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TAPPSA Honorary Life Membership award to Bob Heimann

Following his graduation from Wits University where he studied Chemistry and Applied Mathematics, he was employed by Usutu Pulp Company as a Day Chemist and formed part of the technical team lead by Dr. Hector MacKenzie from Courtaulds. His main duties were involved with the analysis of smelt from the recovery furnace and the development of a simple gravimetric test for the efficiency of the lime kiln to convert calcium carbonate to calcium oxide. Also in this period he developed a method of visualization of the colour change during a complexometric titration for sulphate in black liquor by placing the titration flask on a yellow photographic lamp. This method was adopted by SAICCOR (another Courtaulds-owned Company) to measure their sulphate in effluent streams.

He then moved to London where he was employed by Parke Davis Pharmaceuticals in their analytical Laboratories in Hounslow where he was responsible for installing their gas chromatography and paper chromatography facilities. These were used to assess the purity of synthetic hormones oestrogen and progesterone used in their contraceptive pill. He was subsequently employed by EMI Electronics in their chemistry laboratory in Feltham where development of epoxy and polyurethane polymers were tested for use in packaging of electrical controls. An interesting team project was the design of a safety glass for the Concord aircraft windows which was adopted in all the supersonic aircraft that were subject to higher temperatures and increased UV radiation at higher speeds and altitudes than conventional aircraft.

Returning to South Africa he joined a paper coating company Samuel Jones in Springs where they were about to start a new specialized paper coater for the production of gummed label paper and self adhesive label stock. After training in their UK paper coating mills he introduced an enzymatic conversion process for starch to dextrin gum which performed as well as the more expensive imported starch-ether product from Holland. An interesting variation of gummed label paper was a particle gum coated from a non-aqueous fluid which remained perfectly flat under all weather and printing conditions. This was used for car licenses that could be attached to windscreens without the need for a siliconised backing.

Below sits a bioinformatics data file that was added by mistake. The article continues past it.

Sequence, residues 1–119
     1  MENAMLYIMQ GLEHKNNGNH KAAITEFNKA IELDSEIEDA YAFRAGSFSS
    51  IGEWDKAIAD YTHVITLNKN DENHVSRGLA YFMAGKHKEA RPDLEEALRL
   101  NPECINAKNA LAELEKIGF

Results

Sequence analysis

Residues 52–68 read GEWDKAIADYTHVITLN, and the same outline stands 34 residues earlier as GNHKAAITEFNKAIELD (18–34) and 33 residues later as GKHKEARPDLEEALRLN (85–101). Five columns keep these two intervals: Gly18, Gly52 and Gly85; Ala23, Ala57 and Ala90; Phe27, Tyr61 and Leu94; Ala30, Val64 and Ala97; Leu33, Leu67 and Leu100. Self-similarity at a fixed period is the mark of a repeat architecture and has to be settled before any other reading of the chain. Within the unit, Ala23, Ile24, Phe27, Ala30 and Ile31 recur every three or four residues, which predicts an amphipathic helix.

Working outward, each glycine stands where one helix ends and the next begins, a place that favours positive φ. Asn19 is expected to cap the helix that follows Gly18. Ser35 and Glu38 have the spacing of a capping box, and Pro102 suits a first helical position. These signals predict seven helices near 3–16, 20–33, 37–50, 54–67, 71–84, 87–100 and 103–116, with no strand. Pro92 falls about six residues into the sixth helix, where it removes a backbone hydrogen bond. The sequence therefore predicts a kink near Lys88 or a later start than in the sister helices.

He then joined the East London company, Johnson and Johnson, and managed a small team of chemists and engineers who developed baby products such as shampoo, powders and nonwoven fabrics for feminine hygiene.

The new bagasse paper mill at Stanger attracted his attention because pulping, bleaching, paper and tissue making, as well as coated paper, were all made at the one location. He joined Stanger Pulp and Paper when it was managed by the Reed Group as laboratory coordinator. The coated fine paper had not been made before with bagasse fibre, but the management seemed to have the ambitious attitude of: "Just because it's never been done before doesn't mean we can't do it!" The mill suffered at first from a lack of steam to operate all its production facilities. Once this was rectified and the local printers accepted the coated paper grades, the mill was set for profitable operation.

He was next employed by Sellotape Products in Johannesburg where he became the Technical Manager and gained experience in the formulation of many pressure-sensitive adhesives including crepe paper, masking tape and plastic film backed packaging tapes. A new product he designed for the company was vapour corrosion inhibitor (VCI) which was supplied to local car manufacturers for shipment of car bodies to overseas assembly lines.

Bob's next position took him to Carlton Paper where he worked with a marketing and technical team to make nonwoven rayon fibre wipes. This company was taken over by Kimberly-Clark Corporation and after the nonwoven fabric facility in Wadeville was closed, he took up the position of Process Specialist at the Enstra tissue mill in Springs. Over a period of more than 20 years he gained experience in tissue manufacture and environmental challenges.

Retirement at age 65 was not a satisfactory option for Bob and he then took on a factory management position for Bidvest making high quality liquid soaps and other janitorial products. He has now taken up a position as a chemical consultant to Pratley Polymers in Krugersdorp where he is engaged in interesting developments in the field of adhesives based on epoxies and urethane polymers.

Because of the interesting and varied work encountered during his career, Bob accepts the Honorary Life Membership gratefully, acknowledging all the experiences the pulp and paper industry has afforded him.

Susanne Heimann Hon Award

Back to Volume 1 2011